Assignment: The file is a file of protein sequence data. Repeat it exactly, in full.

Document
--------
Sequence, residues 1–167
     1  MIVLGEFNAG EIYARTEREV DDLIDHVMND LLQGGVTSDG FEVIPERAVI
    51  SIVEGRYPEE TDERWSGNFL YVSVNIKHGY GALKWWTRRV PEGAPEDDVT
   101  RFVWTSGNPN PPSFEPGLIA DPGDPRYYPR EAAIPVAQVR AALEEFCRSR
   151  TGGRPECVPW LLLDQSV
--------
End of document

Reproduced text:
Sequence, residues 1–167
     1  MIVLGEFNAG EIYARTEREV DDLIDHVMND LLQGGVTSDG FEVIPERAVI
    51  SIVEGRYPEE TDERWSGNFL YVSVNIKHGY GALKWWTRRV PEGAPEDDVT
   101  RFVWTSGNPN PPSFEPGLIA DPGDPRYYPR EAAIPVAQVR AALEEFCRSR
   151  TGGRPECVPW LLLDQSV